FanPost

The End of the "Young Money Crew"

When it was announced that the Denver Broncos would be signing Emmanuel Sanders amid the 'misguided' practices of his agent, as was reported by our beloved Ian Rapoport, I remembered how Mike Wallace coined the name "Young Money Crew" for he and his then-compadres, Antonio Brown and the aforementioned Sanders. This stable of wide receivers were the first in over a decade to not include my absolute favorite wide-out, Hines Ward (May my beloved #86 throwback jersey always be worn on game day). I realized then that the mantle of receiver leadership rested squarely on the shoulders of this guy, Mike Wallace, a one-trick speed pony who had only been playing for a few years. This "veteran leadership" wanted to call our talented young trio the "Young Money Crew," a reference to Lil Wayne (Wallace and Wayne are both from New Orleans).

For some reason, it just rubbed me the wrong way.

When people ask me why I'm a Steelers fan (I hail from Michigan), I tell them "Well, my dad is from Pennsylvania." Sure, that could be the reason; most people accept that while still bemoaning my alliances. In reality, I began to admire the Steelers when I was watching them in grade school, enjoying how Hines Ward would mow down unwitting defenders as he set up the Bus for a long, lumbering run. Joey Porter would jaw at the opposition, and 'The Chin,' ever imposing, would scowl even as his team had a comfortable, cushioned lead against our unworthy foes.

They just felt blue collar to me. Were they the prettiest team in the league? Absolutely not. Were they the flashiest? No way. But the way that they played real smashmouth football was endearing to me; I loved watching the Bus run between the tackles, earning every yard through sheer determination and force of will. I loved watching a team that had to earn the bread they put on their tables, and I just wasn't ready for this "cash in before your body cashes out" mentality. Aqib Talib epitomized this for me when he said, "Cash that check, baby" to departing teammate Marquise Cole as he ventured to, wouldn't you know it, the Denver Broncos.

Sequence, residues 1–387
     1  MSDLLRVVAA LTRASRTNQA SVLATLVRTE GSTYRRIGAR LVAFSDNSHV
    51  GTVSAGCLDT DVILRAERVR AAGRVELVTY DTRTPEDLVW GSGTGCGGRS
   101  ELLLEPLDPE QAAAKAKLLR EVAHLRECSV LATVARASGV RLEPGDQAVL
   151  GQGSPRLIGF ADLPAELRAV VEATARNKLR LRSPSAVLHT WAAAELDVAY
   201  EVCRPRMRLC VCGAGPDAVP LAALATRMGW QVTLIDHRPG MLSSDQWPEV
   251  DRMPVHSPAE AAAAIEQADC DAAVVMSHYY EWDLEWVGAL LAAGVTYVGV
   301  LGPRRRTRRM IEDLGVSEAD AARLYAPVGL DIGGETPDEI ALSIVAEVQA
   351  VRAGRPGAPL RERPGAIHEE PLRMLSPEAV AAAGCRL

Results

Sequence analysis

As soon as I heard the "Young Money Crew" label come from Mike Wallace's mouth, I was ready for him to leave. I understand that this game is a profession, but what every young player seems to forget is that money doesn't last; glory does. Winners aren't motivated by dollars - they're motivated by the idea of hosting that silver Lombardi trophy, high in the air, as the confetti rains down amid the cheering masses.

"Fast Money" (Wallace) departed for the Miami Dolphins after signing a $60 million deal with $30 million guaranteed in the first two years; it seems like everything was guaranteed for Wallace except for actual production on the field. "Quick Money" (Sanders) is in the limelight currently as his agent comes under fire for his shady practices, agreeing to terms with teams and then signing his player elsewhere in a move that reminds me of the scene in Jerry Maguire, where the #1 overall pick of the draft pulls at the last minute and signs with another agent, though the father of the player assured Jerry his "word [was] as strong as oak."

Everybody's favorite small school stand-out, Antonio "Cash Money" Brown, remains. I share a sense of camaraderie with Brown, as he hails from my beloved mitten state; He's the stuff of legend over there at Central Michigan University (I lived a stone's throw away... if stones can be thrown about forty five miles), and he's very quickly becoming a fan favorite for the Steelers as well.

I'm hoping that Antonio Brown has a different outlook on the game and on life. I'm wishing that he becomes the stuff of Steeler legend, joining the ranks of Lynn Swann, John Stallworth, and Hines Ward. I want him to live and breath Steeler-dom, and retire at a ripe old age of 34 (give or take a couple Ward-esque twilight years). If and when I buy his jersey, I want to wear it for the years prior to and after his eventual departure from the league (All of you sporting a #17 might be able to relate). A career like that is real football, and no amount of dollar signs can give you back the glory you lose by chasing checks across the league.

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